|Nachman, Ronald - Ron|
|De Loof, Arnold|
Submitted to: Federation of European Biochemical Societies Letters
Publication Type: Peer Reviewed Journal
Publication Acceptance Date: 7/14/2004
Publication Date: 8/27/2004
Citation: Mertens, I., Vandingenen, A., Meeussen, T., Janssen, T., Luyten, W., Nachman, R.J., De Loof, A., Schoofs, L. 2004. Functional characterization of the putative orphan neuropeptide G-protein coupled receptor C26F1.6 in Caenorhabditis elegans. Federation of European Biochemical Societies Letters. 573:55-60. Interpretive Summary: Because of problems with the development of resistance to conventional pesticides, there is a critical need for new concepts and alternative approaches in controlling invertebrate pests such as insects and nematode worms. The basic premise of this research is that 'FMRFamide' neuropeptides (short chains of amino acids) serve as potent messengers in invertebrates such as nematode worms and insects to regulate vital functions. Nevertheless, these neuropeptides in and of themselves hold little promise as pest control agents because of susceptibility to being degraded in the target pest, and inability to pass through the outside skin and/or digestive tract. We must design neuropeptide mimics that resist degradation by enzymes in the digestive tract and blood of pest invertebrates and interact with the active site within an agricultural or medical pest in such a way as to either over-activate or block critical, neuropeptide-regulated life functions. We report on the isolation, identification and characterization of a third active site for the 'FMRFamide' class of invertebrate neuropeptides from the nematode labeled 'C. elegans', a prime model for parasitic nematode worms that plague man, livestock and crops. Key structural features of the neuropeptides have been identified that allow them to turn this active site on. This discovery will aid in the design of neuropeptide-like compounds capable of disrupting critical life functions in nematode worms. This work represents a spin-off of our primary focus on insect pests and brings us one step closer to the development of practical neuropeptide-like substances that will be effective in controlling invertebrate pests, including nematode worms and insects, in an environmentally friendly fashion.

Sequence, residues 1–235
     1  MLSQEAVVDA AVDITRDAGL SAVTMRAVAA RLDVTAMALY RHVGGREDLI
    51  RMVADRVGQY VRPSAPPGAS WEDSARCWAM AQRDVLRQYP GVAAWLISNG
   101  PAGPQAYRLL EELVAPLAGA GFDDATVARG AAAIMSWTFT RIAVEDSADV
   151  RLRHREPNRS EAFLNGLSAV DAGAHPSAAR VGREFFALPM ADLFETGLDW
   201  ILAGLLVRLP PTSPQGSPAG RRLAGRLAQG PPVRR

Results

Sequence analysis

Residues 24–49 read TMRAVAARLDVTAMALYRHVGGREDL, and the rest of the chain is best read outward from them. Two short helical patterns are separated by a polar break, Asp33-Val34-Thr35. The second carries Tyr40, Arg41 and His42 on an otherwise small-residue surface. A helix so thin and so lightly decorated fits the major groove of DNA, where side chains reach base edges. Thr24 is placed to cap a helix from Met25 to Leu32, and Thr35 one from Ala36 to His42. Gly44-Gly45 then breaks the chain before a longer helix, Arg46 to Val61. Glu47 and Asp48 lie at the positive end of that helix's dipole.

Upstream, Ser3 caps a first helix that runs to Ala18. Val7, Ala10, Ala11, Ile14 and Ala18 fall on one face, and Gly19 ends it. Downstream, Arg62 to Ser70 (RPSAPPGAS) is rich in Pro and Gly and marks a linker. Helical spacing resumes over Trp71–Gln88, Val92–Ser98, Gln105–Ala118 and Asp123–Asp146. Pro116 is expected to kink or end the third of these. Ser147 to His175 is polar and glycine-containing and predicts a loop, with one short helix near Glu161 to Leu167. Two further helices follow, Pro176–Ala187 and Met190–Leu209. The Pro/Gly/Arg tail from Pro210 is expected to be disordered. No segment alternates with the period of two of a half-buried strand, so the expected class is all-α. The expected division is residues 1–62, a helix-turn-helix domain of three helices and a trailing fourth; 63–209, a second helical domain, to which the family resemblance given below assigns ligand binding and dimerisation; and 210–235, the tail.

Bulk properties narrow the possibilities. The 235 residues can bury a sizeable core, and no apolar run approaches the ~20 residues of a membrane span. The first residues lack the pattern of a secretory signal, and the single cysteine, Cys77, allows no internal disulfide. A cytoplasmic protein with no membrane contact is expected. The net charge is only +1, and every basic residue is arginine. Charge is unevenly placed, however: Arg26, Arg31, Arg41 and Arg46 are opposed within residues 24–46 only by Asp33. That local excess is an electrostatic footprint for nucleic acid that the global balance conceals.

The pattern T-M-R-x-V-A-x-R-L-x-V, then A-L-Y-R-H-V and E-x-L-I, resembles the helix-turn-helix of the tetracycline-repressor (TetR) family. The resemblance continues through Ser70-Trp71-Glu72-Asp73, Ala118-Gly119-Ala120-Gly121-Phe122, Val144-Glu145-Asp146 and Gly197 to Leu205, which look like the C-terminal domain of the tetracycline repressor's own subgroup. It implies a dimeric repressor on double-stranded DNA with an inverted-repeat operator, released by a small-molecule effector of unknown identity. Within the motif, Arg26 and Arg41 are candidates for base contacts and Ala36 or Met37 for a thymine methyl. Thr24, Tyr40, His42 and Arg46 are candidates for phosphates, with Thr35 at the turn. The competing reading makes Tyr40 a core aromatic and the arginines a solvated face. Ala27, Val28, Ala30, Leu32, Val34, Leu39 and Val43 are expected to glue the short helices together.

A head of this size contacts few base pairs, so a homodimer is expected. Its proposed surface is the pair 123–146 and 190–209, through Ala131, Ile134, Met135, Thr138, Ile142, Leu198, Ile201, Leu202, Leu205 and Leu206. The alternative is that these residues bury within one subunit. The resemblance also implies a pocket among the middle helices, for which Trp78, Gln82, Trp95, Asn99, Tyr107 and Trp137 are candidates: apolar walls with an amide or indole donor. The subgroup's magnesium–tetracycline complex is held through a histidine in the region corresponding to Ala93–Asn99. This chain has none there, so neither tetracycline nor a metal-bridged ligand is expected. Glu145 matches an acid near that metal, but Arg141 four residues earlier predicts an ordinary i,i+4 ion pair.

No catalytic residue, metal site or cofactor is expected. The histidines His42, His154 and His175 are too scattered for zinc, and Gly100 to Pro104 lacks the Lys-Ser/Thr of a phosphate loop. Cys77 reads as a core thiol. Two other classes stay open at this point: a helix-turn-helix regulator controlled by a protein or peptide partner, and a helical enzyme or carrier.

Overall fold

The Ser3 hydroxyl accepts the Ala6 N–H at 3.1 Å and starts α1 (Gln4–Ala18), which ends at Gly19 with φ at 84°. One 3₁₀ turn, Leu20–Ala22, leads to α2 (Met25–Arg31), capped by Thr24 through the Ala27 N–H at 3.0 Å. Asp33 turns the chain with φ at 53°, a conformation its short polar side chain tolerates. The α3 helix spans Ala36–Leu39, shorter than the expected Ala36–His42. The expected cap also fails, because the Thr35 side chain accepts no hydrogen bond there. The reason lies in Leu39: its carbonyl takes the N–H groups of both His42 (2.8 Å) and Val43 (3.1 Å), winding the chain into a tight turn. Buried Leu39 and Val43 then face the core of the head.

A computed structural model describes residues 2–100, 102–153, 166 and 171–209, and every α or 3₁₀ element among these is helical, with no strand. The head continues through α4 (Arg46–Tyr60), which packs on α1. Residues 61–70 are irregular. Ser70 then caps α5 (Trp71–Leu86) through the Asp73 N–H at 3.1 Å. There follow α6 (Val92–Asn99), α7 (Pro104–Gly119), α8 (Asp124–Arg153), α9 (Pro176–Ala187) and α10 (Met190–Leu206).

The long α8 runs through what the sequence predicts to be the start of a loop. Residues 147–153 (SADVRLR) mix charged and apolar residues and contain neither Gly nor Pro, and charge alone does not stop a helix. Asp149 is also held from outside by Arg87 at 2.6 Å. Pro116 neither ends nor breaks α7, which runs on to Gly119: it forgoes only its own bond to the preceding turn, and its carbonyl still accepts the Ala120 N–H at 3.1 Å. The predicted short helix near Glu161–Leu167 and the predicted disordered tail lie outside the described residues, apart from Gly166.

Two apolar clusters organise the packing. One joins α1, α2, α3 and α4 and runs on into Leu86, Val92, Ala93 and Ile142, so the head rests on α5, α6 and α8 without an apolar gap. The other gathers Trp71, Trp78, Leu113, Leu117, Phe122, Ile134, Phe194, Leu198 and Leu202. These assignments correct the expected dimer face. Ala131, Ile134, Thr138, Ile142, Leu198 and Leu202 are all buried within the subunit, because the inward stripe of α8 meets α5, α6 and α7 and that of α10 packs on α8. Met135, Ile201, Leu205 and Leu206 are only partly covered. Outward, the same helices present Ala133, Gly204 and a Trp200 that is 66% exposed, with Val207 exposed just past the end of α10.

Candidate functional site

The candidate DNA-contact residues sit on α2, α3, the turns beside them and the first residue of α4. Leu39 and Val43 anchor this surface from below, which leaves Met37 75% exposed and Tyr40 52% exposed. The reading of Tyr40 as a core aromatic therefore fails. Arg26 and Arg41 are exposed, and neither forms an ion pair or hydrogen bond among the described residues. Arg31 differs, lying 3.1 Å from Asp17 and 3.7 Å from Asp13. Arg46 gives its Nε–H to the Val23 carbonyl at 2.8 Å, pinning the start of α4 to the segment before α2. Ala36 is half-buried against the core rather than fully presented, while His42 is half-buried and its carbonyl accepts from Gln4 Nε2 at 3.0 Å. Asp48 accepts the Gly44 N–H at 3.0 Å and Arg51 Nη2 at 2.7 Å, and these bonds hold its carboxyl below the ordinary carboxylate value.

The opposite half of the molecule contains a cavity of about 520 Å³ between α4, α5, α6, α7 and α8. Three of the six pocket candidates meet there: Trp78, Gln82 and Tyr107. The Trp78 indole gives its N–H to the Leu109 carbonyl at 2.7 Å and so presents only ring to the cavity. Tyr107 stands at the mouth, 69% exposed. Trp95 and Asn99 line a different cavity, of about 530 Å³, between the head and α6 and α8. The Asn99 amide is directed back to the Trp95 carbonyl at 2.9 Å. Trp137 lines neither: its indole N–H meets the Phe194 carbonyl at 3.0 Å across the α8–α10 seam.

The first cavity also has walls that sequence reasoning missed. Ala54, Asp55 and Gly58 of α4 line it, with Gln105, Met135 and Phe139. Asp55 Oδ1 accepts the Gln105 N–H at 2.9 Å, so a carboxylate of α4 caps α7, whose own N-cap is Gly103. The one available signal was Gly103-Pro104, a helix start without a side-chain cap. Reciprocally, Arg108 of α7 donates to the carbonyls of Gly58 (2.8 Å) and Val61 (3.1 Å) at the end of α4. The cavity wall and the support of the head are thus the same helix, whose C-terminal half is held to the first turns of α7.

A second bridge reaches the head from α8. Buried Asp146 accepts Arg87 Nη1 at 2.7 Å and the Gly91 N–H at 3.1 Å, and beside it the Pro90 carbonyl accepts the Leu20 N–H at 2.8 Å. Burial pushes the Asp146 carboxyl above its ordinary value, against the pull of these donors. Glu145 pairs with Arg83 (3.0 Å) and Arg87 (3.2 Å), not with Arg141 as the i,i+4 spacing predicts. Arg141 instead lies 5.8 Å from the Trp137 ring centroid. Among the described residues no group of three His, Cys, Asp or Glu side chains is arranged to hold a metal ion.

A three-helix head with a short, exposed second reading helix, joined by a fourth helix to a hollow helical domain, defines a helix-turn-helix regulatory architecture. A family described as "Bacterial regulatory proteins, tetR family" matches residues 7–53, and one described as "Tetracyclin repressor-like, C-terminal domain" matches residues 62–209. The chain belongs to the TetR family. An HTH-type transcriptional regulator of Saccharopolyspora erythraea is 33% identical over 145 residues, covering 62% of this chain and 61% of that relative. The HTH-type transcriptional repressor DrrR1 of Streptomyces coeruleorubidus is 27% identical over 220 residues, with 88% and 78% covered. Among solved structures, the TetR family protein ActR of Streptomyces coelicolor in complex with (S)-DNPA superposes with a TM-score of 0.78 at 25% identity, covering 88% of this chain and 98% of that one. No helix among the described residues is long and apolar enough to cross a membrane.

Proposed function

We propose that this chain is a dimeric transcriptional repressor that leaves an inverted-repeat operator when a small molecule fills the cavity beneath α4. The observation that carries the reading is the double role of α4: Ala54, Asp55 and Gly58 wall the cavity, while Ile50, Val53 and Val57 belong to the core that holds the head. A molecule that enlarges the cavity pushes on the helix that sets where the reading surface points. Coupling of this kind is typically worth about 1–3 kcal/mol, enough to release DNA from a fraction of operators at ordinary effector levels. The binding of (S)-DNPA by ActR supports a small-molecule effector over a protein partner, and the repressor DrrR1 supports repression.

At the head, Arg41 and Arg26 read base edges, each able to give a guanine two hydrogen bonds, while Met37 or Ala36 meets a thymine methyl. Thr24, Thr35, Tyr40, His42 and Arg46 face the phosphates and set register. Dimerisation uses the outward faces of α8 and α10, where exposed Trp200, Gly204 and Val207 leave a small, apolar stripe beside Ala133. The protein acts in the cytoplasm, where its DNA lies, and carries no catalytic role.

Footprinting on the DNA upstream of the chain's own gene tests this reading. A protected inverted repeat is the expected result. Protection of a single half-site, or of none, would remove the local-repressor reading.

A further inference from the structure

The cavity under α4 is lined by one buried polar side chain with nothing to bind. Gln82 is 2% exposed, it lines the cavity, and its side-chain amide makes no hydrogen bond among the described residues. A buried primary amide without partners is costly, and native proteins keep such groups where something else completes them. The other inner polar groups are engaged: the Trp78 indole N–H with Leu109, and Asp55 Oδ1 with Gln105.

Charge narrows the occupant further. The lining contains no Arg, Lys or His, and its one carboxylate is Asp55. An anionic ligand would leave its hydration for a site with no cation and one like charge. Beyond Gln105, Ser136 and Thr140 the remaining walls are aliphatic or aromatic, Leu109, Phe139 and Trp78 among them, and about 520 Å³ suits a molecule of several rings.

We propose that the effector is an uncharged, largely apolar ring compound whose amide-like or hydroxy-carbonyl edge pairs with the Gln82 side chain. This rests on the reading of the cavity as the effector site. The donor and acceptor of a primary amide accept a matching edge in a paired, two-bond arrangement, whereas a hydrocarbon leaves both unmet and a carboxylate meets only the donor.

Technical Abstract: In this study, we describe the cloning and the characterization of the third FaRP (FMRFamide related peptide) receptor in C. elegans, the VRFa receptor 1. Numerous structurally different FaRPs were synthesized and used to screen the orphan C26F1.6 receptor for activation. Two peptides ending in M(orL)VRFamide elicited a calcium response in receptor expressing mammalian cells. The response is dose-dependent and appeared to be very specific, since very closely related FaRPs were less active, even the other peptides ending in M(orL)VRFamide. Pharmacological profiling of the most active peptide suggests that SMVRFa is the most active binding core. N-terminal extension decreases peptide activity.